I read that once, although never heard it anywhere. Also 'nanogram'. I
have usually (IIRC always) called # a number sign.
BTW, 1/60 of a second is called a third. IIRC, there was also 'solidus'
and 'virgule', names for a slash /.
Subdivision of the hour.
First is the minute (MI-NOOT).
Second is the second.
Third is the third.
Also, 1/18.2 of a second is a "tick" (not the parasitic animal kind).
I don't know about that, but I remember a "South Park" where a man was
yelling about not having an erection. His kid hears this and goes to
church where he hears about a res-erection. He thinks he can get one and
give it to his dad.
A comma is the deep sleep you fall into when you get hit on the head :-)
A "jiffy" tends to be about 10ms; a shake, 10ns.
An OhNoSecond is slightly shorter -- or longer, depending on your
personal reaction time!
If you do much fixed point math, you'd know that a Furman is 1/65536-th of
Beauty is measured in Helens while magic is measured in Thaums.
And, of course, everyone knows that a Smoot is 67".
And this one? ‽
Baiters. Local fishing boats need 4 baiters to bate hooks for tourists. Must have strong hands and work hard. Good pay-$15 per hour, and benefits.
After 6 weeks, 2 best baiters will be promoted to masterbaiters. Apply in person to Jon at the Gulf Marina.
speaker) went through my thesis painstakingly correcting every (erroneous)
"doubled consonant" that I had used.
Then, lectured me on the rules regarding same.
(did I mention *I* was the "native English speaker"??)
I simply <shrugged> and said, "When in doubt, I figure one MORE is better
than one LESS...".
As a result of that chastisement, I am now equally likely to double
when I shouldn't -- or fail to double when I *should*!
[Amusingly, some words I consistently get right -- e.g., dessert and desert]
Occasionally I spell occasionally as occassionally. (-: Sssss. I had to
develop a mnemonic - the word "Casio" is embedded in the correct spelling.
Fluorescent was much harder but breaks into Flu Ore Scent. Can't ask for a
handier mnemonic (well, it could actually make sense).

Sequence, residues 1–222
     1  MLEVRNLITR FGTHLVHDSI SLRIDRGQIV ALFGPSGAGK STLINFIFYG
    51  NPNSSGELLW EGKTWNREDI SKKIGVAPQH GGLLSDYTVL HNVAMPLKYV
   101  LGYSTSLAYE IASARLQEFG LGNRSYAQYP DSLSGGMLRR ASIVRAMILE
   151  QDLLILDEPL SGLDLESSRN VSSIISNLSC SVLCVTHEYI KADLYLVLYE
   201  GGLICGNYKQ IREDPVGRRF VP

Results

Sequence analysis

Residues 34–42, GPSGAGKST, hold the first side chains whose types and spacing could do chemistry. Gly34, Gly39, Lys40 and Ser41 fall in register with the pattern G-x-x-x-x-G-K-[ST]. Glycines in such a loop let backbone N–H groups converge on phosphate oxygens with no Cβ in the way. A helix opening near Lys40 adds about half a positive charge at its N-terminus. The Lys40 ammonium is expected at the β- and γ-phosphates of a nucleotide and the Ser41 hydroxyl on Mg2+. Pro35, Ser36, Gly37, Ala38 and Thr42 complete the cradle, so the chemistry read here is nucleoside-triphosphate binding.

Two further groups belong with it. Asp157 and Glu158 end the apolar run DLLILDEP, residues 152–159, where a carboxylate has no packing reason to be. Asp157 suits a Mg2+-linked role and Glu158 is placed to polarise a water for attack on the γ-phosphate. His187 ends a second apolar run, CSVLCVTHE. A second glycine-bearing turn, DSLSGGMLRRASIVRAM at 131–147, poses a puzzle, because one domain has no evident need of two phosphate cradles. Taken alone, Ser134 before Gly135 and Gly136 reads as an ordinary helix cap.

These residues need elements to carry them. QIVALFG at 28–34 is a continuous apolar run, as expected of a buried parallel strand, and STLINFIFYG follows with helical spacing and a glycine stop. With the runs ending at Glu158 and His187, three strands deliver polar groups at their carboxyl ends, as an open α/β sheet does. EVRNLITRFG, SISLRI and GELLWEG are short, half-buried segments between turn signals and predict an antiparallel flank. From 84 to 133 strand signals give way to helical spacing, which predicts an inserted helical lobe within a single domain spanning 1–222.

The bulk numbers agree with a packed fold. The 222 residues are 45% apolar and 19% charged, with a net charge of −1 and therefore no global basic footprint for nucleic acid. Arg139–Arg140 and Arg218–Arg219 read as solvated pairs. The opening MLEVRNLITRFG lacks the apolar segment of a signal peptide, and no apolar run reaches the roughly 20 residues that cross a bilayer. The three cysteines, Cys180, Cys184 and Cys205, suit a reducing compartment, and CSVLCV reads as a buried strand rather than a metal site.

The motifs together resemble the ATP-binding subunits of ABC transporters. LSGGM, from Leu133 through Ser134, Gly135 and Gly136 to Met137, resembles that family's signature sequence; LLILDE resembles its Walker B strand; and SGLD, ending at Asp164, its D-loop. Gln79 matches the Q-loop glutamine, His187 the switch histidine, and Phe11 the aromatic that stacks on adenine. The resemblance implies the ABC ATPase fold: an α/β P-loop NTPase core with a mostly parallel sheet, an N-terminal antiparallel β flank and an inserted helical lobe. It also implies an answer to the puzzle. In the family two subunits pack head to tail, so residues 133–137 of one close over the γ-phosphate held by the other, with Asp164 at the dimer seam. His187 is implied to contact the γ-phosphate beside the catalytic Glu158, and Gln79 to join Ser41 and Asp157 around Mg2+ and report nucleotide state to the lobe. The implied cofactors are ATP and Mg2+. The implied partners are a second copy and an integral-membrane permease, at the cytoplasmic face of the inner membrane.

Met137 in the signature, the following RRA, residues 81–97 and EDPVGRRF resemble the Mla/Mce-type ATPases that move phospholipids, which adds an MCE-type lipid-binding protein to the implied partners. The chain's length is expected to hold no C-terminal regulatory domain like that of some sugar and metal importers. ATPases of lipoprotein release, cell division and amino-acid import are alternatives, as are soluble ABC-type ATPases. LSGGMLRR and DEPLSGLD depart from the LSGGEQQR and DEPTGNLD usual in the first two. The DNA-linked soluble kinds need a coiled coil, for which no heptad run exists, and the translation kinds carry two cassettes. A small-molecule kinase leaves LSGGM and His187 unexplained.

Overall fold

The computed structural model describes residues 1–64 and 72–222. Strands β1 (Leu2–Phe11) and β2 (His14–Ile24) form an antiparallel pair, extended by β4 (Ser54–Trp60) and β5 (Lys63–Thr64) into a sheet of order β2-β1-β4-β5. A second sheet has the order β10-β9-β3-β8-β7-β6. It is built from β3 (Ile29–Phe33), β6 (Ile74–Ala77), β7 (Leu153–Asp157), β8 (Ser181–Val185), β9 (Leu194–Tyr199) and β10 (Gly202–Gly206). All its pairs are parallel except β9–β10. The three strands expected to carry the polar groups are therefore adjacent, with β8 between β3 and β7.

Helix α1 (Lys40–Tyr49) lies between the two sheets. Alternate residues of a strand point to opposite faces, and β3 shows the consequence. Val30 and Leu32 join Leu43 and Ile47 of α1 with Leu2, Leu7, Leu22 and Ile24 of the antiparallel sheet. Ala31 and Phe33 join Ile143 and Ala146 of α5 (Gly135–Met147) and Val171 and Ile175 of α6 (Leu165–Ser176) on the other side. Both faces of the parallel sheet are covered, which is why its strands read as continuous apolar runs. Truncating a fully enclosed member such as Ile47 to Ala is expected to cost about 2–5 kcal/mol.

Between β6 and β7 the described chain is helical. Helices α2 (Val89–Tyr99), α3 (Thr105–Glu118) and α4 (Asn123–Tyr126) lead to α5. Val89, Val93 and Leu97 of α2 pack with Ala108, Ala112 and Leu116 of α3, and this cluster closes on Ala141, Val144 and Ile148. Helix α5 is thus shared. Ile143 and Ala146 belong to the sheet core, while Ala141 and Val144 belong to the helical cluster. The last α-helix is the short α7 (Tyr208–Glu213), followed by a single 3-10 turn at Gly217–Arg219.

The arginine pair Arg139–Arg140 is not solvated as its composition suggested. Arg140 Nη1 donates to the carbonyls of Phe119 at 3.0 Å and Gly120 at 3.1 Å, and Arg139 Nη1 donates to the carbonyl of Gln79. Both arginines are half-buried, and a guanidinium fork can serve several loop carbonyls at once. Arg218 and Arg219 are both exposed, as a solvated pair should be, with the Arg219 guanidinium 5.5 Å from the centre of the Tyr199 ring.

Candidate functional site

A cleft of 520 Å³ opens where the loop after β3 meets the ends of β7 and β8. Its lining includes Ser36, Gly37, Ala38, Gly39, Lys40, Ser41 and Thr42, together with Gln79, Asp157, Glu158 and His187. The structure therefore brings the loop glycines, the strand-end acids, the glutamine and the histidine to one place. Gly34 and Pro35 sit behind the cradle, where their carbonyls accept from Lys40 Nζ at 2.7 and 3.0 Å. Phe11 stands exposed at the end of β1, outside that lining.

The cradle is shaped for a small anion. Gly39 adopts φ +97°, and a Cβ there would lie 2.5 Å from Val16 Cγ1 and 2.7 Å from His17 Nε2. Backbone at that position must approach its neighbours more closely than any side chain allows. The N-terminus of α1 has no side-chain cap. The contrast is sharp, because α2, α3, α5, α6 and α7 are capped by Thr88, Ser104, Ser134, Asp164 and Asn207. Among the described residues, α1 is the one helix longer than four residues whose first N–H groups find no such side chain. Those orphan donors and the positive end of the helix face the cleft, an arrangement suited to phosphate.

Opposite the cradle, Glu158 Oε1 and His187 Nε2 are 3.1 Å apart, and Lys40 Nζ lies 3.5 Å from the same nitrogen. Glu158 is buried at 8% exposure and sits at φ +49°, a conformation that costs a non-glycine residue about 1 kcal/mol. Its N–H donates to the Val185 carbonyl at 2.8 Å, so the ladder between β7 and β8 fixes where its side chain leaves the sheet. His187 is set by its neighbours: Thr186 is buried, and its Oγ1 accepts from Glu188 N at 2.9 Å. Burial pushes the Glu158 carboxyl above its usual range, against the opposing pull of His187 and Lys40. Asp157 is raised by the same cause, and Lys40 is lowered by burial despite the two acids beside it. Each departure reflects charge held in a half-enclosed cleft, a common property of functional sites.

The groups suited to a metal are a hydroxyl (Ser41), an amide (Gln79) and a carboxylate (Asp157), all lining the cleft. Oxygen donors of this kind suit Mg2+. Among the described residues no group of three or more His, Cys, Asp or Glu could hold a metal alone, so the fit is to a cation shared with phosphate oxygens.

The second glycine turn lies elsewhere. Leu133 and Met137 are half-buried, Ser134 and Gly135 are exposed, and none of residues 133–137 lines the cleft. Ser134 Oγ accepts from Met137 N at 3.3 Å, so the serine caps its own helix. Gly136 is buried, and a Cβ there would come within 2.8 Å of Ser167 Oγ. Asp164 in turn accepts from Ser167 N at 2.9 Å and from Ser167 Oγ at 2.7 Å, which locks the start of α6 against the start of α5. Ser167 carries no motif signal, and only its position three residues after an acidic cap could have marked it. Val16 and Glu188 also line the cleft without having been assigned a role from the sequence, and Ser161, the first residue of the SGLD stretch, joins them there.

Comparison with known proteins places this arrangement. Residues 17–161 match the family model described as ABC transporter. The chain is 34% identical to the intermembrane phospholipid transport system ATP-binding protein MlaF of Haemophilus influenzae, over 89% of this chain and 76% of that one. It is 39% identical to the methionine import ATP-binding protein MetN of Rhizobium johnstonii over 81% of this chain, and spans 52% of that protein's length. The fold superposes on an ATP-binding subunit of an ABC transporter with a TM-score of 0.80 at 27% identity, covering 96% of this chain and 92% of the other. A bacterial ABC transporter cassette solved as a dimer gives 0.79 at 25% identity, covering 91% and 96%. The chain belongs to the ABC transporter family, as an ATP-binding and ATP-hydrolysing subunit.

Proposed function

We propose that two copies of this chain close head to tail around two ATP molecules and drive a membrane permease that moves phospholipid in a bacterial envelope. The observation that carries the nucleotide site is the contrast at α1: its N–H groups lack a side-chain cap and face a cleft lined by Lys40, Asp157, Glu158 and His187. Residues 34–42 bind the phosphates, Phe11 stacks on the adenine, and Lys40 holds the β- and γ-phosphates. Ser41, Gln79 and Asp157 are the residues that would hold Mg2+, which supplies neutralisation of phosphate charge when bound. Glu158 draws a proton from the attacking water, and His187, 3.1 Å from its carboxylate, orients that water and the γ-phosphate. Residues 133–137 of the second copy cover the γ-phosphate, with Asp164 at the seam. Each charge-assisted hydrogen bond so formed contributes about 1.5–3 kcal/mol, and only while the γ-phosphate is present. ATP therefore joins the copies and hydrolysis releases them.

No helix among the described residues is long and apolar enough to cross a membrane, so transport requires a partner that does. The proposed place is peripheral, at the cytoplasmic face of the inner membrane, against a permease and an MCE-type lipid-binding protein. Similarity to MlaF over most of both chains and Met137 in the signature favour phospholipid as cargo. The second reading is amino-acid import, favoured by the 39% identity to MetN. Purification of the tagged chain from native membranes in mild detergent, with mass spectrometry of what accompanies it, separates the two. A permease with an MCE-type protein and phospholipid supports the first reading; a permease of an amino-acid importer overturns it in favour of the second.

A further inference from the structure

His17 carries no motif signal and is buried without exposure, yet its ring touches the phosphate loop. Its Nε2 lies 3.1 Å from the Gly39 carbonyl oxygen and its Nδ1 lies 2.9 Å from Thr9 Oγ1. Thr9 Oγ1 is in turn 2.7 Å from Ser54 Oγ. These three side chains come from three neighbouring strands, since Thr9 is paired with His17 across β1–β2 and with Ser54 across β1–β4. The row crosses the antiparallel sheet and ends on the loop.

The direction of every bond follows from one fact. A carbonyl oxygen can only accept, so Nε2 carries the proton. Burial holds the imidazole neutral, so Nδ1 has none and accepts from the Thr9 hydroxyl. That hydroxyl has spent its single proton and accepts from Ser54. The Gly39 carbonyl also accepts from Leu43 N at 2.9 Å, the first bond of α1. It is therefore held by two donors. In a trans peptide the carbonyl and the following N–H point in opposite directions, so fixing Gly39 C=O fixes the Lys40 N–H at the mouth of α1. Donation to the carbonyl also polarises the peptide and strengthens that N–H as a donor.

I had some trouble with "believe" until I thought about it having LIE in it.
BTW, when I use NOT in mnemonic devices, it's usually the r's-1
(radix-1) complement, so NOT 365 is 634 (note that each digit adds up to 9).
W is a semivowel. Vowels are "voiced" and produced with the vocal
tract "unobstructed". Voiced consonants build pressure above the glottis by
obstructing the vocal tract.
The "y" and "w" sounds are closer to vowels in their formation -- yet tend
to form syllable boundaries (think: beYond)
Ah! I tend not to have problems with ie (i before e, except after c
or when sounding like a as in neighbor and weigh). Of course, all
of these rules to cover exceptions themselves have exceptions! :>
When working on my speech synthesizer, it was frustrating to see just how
many exceptions there are to the "rules" we think we know -- but
actually have internalized and consciously forgotten!
E.g., think of the /w/ sound in:
I found that "of" is one of the most commonly encountered exceptions
(there's no /f/ sound in the word!)
It's called the "nine's complement". The ten's complement is obtained
by adding one to the nine's complement. In much the same way that the
one's complement ant two's complements are related.
In my case, I subvocalize: "no, it's NOT flour -- so it must be fluor";
"it's not 365 (days in a year) so it must be 356"
HomeOwnersHub.com is a website for homeowners and building and maintenance pros. It is not affiliated with any of the manufacturers or service providers discussed here.
All logos and trade names are the property of their respective owners.